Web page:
BOISE, Idaho — Many Boise businesses have put signs on their storefronts requiring facemasks to be worn to comply with Boise Mayor Lauren McLean's public health order issued on July 2.
The order states that people must wear masks indoors and outdoors in "public places" where social distancing cannot be maintained.
A "public place", as defined in the order, is "any place open to all members of the public without specific invitation, including but not necessarily limited to, retail business establishments."
So do businesses in Boise have the right to refuse service to someone not wearing a mask? According to former Idaho Attorney General David Leroy, yes.
"A private businessperson does also have the authority to generally speaking refuse service to any other private person on any lawful basis they wish to," Leroy said.
It is similar to the common business refusal of service, "no shirt, no shoes, no service."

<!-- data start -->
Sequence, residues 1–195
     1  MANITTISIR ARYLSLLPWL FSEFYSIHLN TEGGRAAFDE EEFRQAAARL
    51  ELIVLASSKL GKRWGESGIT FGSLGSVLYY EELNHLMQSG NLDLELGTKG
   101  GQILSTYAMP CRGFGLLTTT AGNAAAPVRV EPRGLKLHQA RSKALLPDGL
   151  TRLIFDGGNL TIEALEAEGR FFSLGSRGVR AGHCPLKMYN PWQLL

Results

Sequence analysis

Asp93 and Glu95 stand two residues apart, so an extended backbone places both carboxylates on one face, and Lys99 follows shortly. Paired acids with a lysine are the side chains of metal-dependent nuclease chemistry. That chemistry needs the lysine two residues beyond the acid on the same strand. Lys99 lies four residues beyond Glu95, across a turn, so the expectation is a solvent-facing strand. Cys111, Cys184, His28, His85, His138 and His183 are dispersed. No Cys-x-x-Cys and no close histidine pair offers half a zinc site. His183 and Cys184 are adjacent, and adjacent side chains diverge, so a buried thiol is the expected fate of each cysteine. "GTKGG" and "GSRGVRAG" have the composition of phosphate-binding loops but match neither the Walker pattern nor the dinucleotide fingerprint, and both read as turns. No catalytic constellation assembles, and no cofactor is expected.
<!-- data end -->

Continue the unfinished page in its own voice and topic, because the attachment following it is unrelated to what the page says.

"It's not much of an extension to include "no mask, no service" in Boise, and that is lawful," Leroy added.
A private business can choose to serve who they please, with the exception of discrimination based on race or sex. Those who fail to comply with the mask order could face a misdemeanor.
"The theoretical penalty in Idaho, and certain areas including Boise City, is six months in jail and a $1,000 fine, if enforced," Leroy said.
Those who knowingly choose to defy the order based on the argument that it goes against their constitutional rights, Leroy explained. They could be referred to as participants of civil disobedience, choosing to defy the law but also willing to accept the consequences.
"One could argue that not wearing a mask is a sign civil disobedience, but the governor would suggest that it's also a sign of human disrespect," Leroy said.
While someone could take the route of civil disobedience with the law, a private business reserves the power to refuse service if you do not comply with their rules and policies.
"Business owners are free to of course take their own position," the former AG explained. "But generally speaking it's probably better to respect the law than to disrespect it."
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